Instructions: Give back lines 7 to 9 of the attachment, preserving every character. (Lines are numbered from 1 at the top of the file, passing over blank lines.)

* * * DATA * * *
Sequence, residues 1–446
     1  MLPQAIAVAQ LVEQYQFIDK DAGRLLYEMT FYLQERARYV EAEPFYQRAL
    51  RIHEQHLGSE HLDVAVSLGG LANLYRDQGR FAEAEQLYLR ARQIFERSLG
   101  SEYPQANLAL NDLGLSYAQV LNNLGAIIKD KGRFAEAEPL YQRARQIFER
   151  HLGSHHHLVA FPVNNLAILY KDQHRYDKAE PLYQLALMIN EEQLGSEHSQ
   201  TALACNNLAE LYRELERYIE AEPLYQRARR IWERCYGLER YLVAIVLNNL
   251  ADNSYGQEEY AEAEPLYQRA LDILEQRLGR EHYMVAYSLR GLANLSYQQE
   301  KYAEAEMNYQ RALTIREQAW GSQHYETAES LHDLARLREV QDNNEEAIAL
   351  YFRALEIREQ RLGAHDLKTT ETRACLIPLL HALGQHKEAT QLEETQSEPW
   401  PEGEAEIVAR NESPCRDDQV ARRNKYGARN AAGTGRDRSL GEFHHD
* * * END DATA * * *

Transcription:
   251  ADNSYGQEEY AEAEPLYQRA LDILEQRLGR EHYMVAYSLR GLANLSYQQE
   301  KYAEAEMNYQ RALTIREQAW GSQHYETAES LHDLARLREV QDNNEEAIAL
   351  YFRALEIREQ RLGAHDLKTT ETRACLIPLL HALGQHKEAT QLEETQSEPW